I'm sure most people here are familiar with the saying Ehrlich währt am längsten, which is roughly equivalent to "Honesty is the best Policy." (The literal, and alliterative, translatation is "Honest lasts longest.") But shouldn't it actually be Ehrlichkeit währt am längsten? The wonderful usage database at DWDS only turns up results for the sans-keit version, so it's definitely the version that is commonly used. But the reason I'm bringing this up is that Wiktionary claims that it's grammatically incorrect or outdated. So the first question is whether it's okay in German to turn a random adjective into a noun without adding the expected -heit or -keit. I'm pretty sure doing the equivalent in English would be unusual but not always actually wrong, and there's the English saying "Clever is as clever does." The second question is whether Ehrlich währt am längsten is considered outdated. Perhaps the English equivalent is a bit old-fashioned, but no more than that.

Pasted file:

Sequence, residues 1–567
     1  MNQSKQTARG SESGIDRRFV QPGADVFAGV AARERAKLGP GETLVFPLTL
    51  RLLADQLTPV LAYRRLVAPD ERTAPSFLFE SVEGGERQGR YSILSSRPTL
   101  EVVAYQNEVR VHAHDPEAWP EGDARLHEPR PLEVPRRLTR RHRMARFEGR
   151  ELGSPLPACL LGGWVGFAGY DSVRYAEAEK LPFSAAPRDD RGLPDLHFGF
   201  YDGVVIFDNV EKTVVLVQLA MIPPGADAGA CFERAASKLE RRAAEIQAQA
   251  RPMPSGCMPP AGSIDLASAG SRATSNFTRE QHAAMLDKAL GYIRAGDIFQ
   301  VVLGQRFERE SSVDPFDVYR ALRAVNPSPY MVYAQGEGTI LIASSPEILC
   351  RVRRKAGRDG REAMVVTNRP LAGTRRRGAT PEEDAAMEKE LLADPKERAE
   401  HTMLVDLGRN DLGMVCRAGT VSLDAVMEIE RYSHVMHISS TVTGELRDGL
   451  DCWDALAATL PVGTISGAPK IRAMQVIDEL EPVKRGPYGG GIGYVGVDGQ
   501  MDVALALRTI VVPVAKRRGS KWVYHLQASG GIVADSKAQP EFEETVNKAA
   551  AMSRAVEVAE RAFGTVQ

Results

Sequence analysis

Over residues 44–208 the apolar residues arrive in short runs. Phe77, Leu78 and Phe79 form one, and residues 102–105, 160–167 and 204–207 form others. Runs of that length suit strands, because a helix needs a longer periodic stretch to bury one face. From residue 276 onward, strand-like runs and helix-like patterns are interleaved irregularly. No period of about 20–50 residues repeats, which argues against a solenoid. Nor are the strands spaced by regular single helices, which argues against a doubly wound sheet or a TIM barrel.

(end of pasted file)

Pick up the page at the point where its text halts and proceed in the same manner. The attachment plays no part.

„Ehrlich währt am längsten“ is not outdated. It is a bit old-fashioned, but not uncommon in modern context.
It has, as far as I can tell, also not been replaced by a newer saying.
„Ehrlichkeit währt am längsten“ would be more grammatically correct, but is rarely ever used.
As mtwde said, „Ehrlich währt am längsten“ contains an ellipsis. Such stylistic devices are quite common with sayings, as they’ve been refined over the years.
To answer your questions: yes, it should be „Ehlichkeit“; no, it is not okay to use adjectives as noun without -keit or -heit (save maybe few odd cases and poetry); no, it is not considered outdated.
Ehrlich währt am längsten is a really old German saying. Ironically, it can also be found in Karl Leberecht Immermann's famous book "Münchhausen" (written in 1838/39), for example.
bei den folgenden redensarten kann man sich den inf. sein oder leben hinzu denken: ehrlich macht reich, aber langsam gehts her; ehrlich währt am längsten. [...] erklärt sich nach ehrlich adj. 6.
In short: There is some kind of ellipsis in this sentence and you may add a "sein" to it.
Ehrlich sein währt an längsten.
With this in mind "ehrlich" is more of an adjective than a noun and a literal translation would be
Being honest lasts longest.